A Russian military helicopter was shot down in Armenia near the border with Azerbaijan on Monday, the defence ministry in Moscow said, killing two crew members.
The ministry said that the Mi-24 helicopter was hit by a man-portable air defence system close to the border with Azerbaijan, whose forces are fighting Armenian-backed separatists in the disputed region of Nagorno-Karabakh.
A third person was injured and evacuated, the ministry said in a statement.
The helicopter was shot down near the Nakhchivan Autonomous Republic, a landlocked exclave of Azerbaijan.
A probe at the Russian base was under way.
Armenian authorities for their part said the Russian helicopter had crashed “in a gorge” near the village of Yeraskh.
The incident came during a spike in fighting between Azerbaijan and Armenian separatists.
Russia, which has a military alliance with Armenia, has said it would only intervene if fighting reached Armenian soil, after the country’s premier asked President Vladimir Putin to begin “urgent” consultations on security assistance.
Fresh clashes broke out in late September between Azerbaijan and Armenian-backed separatists over Nagorno-Karabakh, which declared its independence nearly 30 years ago.
The recent fighting has been the worst in decades, with at least 1,000 people killed.
Azeri troops advance on main city
Azerbaijan’s armed forces were edging closer to Nagorno-Karabakh’s seat of power on Monday after proclaiming victory in the battle for the enclave’s second-largest city.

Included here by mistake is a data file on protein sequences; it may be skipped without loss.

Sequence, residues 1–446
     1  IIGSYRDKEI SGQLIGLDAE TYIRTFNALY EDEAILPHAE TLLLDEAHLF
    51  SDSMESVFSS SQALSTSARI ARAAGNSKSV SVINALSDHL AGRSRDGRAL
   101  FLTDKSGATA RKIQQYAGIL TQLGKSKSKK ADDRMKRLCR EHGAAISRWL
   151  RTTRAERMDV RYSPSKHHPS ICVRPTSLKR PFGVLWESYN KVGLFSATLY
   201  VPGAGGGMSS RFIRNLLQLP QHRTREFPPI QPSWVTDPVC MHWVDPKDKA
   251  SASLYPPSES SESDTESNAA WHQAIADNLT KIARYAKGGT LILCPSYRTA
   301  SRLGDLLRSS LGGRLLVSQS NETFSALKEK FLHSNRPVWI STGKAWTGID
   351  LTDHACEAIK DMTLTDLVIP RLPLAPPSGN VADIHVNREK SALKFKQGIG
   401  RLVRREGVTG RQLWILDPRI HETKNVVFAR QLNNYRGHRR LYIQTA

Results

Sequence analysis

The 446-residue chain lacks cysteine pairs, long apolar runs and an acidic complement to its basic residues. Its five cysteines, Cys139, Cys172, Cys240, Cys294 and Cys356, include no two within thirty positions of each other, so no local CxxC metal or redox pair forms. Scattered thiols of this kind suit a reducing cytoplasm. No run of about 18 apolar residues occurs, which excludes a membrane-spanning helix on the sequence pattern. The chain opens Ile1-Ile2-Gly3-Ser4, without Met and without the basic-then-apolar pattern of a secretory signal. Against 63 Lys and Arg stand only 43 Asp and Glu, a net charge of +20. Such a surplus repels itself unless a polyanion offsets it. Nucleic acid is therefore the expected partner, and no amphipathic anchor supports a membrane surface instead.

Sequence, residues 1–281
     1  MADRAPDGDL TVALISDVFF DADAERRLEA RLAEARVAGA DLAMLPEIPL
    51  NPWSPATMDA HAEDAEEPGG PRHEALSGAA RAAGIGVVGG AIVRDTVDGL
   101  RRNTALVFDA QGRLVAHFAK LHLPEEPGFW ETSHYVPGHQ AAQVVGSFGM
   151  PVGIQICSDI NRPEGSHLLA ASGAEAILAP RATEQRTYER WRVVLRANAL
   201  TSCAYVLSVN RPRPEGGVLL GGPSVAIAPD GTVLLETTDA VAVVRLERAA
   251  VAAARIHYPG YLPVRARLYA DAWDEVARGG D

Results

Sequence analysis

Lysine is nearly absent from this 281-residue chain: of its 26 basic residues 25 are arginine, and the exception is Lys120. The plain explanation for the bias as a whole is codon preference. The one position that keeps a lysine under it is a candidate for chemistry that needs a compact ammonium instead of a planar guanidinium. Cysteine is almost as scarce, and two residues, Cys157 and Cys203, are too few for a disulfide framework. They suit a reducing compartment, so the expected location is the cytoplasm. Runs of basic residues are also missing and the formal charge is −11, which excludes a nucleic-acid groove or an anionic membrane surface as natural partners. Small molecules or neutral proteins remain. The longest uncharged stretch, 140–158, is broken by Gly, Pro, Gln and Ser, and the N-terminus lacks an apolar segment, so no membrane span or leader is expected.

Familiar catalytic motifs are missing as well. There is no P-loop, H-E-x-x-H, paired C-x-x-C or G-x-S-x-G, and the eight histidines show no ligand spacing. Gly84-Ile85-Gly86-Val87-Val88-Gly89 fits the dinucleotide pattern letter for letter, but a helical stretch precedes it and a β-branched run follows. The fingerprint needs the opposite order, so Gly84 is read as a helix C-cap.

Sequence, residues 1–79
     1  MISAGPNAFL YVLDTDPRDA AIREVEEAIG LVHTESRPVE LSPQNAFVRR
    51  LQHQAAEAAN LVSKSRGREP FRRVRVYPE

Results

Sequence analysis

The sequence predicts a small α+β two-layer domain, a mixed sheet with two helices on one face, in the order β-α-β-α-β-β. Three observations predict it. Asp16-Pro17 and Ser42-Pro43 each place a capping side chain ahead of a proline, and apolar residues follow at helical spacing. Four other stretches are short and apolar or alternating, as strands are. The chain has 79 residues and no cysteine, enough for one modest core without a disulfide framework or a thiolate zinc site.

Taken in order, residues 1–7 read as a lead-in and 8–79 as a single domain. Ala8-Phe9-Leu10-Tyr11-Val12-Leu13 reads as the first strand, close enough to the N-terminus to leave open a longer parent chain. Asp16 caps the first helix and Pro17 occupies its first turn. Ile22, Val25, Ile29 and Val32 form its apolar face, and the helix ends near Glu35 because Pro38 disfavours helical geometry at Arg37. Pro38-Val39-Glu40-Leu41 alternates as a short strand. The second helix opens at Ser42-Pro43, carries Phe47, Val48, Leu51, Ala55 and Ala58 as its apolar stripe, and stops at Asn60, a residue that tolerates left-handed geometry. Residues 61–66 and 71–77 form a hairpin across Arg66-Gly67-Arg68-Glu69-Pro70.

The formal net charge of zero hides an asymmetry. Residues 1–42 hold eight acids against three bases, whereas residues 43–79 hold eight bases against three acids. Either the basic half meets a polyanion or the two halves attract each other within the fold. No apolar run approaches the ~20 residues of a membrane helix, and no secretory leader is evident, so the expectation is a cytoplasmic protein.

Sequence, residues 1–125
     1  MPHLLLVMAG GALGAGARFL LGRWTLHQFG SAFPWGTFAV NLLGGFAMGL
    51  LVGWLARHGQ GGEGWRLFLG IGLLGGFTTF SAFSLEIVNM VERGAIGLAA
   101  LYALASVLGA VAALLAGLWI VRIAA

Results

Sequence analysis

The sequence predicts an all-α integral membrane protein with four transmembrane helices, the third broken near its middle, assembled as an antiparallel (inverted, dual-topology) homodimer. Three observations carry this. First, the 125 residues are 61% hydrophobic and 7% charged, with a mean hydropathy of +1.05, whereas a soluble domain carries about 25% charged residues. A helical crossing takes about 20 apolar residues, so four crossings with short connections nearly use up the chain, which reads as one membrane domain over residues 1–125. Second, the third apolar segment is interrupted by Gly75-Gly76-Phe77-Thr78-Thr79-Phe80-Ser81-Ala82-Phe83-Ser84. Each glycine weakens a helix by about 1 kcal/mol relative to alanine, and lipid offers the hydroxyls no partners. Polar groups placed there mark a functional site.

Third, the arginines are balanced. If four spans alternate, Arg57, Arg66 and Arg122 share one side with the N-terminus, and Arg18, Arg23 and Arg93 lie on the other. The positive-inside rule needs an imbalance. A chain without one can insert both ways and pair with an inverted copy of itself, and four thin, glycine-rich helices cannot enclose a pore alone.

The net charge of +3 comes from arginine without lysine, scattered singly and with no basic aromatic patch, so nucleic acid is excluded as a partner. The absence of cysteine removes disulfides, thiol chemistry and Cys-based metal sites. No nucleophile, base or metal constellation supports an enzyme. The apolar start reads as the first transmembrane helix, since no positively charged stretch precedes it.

After six weeks of heavy fighting, Azerbaijan said on Sunday it had captured Shusha, which is known by Armenians as Shushi and sits on a mountain top overlooking Stepanakert, Nagorno-Karabakh’s biggest city.
Nagorno-Karabakh’s leaders had denied losing control of the city and Armenian Prime Minister Nikol Pashinyan continued to do so on Monday, saying that fighting for the city was still raging.
But an Azeri defence ministry video posted online showed Azerbaijan’s national flag flying over deserted streets in what it said was Shusha, and Vahram Poghosyan, a spokesman for Nagorno-Karabakh leader Arayik Harutyunyan, wrote on Facebook: “Shusha city is not in our control. We should keep it together as the enemy is near Stepanakert,” he wrote.
Shusha lies about 15 km south of Stepanakert and is important to ethnic Armenian hopes of keeping control of Nagorno-Karabakh, a breakaway territory which is internationally recognised as part of Azerbaijan, but populated and controlled by ethnic Armenians.
Emboldened by Turkish support, Azerbaijan says it has since Sept 27 retaken much of the land in and around Nagorno-Karabakh that it lost in a 1991-94 war. That war killed an estimated 30,000 people and forced many more from their homes.
Armenia has denied the extent of Azerbaijan’s territorial gains.